Borderers are rewarded by the Queen in the New Year Honours List

Rugby legend Doddie Weir and Tourette's syndrome campaigner John Davidson are among the Borderers named in the Queen's New Year Honours List, published today.

Friday, 28th December 2018, 9:30 pm
Updated Monday, 31st December 2018, 12:22 am
John Davidson of Galashiels, pictured with his dog Suki, has been awarded the MBE for services to sufferers of Tourette's syndrome.

John Davidson MBE

John, of Galashiels, rose to stardom in the 1989 BBC documentary John’s Not Mad, which profiled his own struggle with Tourette’s syndrome.

Honorary fellow Doddie Weir at Borders College's 2018 graduation ceremony. He has been awarded the OBE in the Queen's New Year Honours List.

It was, at the time, a condition which not many people had heard of, and no support structure was in place for sufferers.

Since then, John, now 47, has dedicated his life to not only raising awareness of Tourettes, but also travels the country to help families and sufferers deal with the diagnosis.

He has appeared in other documentaries since, which showed how he was able to hold down a job as caretaker at Langlee Community Centre, as well as helping others with Tourette’s.

He works with groups such as Tourette’s Scotland 2018 and national organisation Tourette’s Action, visiting schools and giving talks.

Barbara Elborn, secretary of the Newcastleton Community Trust, has been awarded the BEM.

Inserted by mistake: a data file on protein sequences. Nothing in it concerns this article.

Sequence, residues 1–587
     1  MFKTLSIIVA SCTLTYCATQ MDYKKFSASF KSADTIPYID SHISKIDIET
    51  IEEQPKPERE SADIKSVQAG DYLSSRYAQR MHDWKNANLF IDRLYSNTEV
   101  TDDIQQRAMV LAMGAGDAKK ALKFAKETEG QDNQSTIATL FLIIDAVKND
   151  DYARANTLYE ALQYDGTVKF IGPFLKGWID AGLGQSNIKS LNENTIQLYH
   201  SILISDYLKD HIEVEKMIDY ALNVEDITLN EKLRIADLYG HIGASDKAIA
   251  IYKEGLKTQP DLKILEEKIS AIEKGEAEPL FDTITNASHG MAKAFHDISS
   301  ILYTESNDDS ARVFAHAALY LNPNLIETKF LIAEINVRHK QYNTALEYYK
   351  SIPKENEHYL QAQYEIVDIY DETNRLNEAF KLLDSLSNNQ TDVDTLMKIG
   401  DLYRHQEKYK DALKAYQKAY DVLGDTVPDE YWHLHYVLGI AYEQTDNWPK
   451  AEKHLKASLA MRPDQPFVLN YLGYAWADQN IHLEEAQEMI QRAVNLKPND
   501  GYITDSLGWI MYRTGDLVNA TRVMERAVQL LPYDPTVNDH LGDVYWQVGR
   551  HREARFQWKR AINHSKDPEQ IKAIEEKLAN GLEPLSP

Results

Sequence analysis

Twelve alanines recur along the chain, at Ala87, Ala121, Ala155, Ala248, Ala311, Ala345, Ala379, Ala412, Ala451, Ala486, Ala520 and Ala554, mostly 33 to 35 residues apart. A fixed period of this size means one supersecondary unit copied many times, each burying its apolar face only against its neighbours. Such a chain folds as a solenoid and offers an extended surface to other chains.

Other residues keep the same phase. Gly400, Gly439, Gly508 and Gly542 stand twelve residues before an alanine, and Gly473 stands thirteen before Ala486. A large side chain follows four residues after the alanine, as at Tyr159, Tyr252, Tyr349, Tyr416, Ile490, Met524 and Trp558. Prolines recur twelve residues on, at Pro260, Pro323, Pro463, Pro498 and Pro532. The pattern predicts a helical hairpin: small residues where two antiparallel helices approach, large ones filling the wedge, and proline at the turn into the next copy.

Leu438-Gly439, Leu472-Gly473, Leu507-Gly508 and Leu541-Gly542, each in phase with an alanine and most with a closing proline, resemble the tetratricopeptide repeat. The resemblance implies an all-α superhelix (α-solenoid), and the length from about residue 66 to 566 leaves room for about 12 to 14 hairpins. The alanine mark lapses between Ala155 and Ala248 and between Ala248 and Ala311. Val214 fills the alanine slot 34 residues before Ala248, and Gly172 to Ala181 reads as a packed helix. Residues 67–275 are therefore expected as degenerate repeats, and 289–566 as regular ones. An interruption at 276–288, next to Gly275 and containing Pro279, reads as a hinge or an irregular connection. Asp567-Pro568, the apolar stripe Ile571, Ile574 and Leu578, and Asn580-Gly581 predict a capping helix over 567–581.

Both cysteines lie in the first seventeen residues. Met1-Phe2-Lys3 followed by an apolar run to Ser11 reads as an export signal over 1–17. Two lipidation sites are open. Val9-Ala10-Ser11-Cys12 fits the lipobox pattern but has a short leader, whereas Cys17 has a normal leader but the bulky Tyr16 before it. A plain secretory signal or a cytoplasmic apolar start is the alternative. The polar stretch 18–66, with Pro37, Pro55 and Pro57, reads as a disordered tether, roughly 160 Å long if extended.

He told us how he felt when the letter came through, telling him he was being awarded the MBE for his services to those with Tourette’s.

He said: “The envelope said on Her Majesty’s Service, and that it came from the cabinet office.

“My first thought was ‘what the hell have I done now?’

“But when I opened it and read it, I was absolutely elated, but shocked at the same time.

Allan Beveridge of Peebles, who has been awarded the BEM.

“I mean, why would I be given an award for something I just do every day because it is needed?

“It is really humbling, though, and I’m happy to receive the award ... it can only help to continue to raise awareness.”

Tourette’s is manifested through involuntary tics, both motor (bodily jerks and movements) and vocal (which can sometimes take the form of coprolalia – outbursts of obscene language).

It’s fair to say that the main reason Tourette’s is more widely accepted and diagnosed nowadays is the work John has done throughout the years.

He holds occasional Tourette’s weekends at his place of work in Langlee, where whole families can attend, the children are able to interact with other sufferers in workshops and outdoor activities and the parents are given support.

He said: “Thirty years ago, I started off on my own. Now I have a whole Tourette’s family.”

And this year, he plans to campaign for more money to be put into education in schools to cater for sufferers.

He said: “It’s still absolutely shocking out there. Kids are excluded from classes or locked in cupboards. It’s not because the teachers are not aware of the condition, it’s just that budget restrictions mean there is no money there to put in place the support networks for these children.”

He also wants to stop comedians from thinking it’s acceptable to mock Tourette’s sufferers in their acts.

He admitted: “When you hear people randomly swearing, of course it can be funny,

“And almost every Tourette’s sufferer I know is a natural comedian. It comes out in their tics and it can be funny.

“Sometimes, the comedy helps them deal with their situation in their own way, and that’s fine.”

“But when comedians mock the condition and its sufferers on a stand-up show, it’s unacceptable.

“They wouldn’t mock kids with Down’s syndrome or cerebral palsy, or people with cancer, because it wouldn’t be allowed.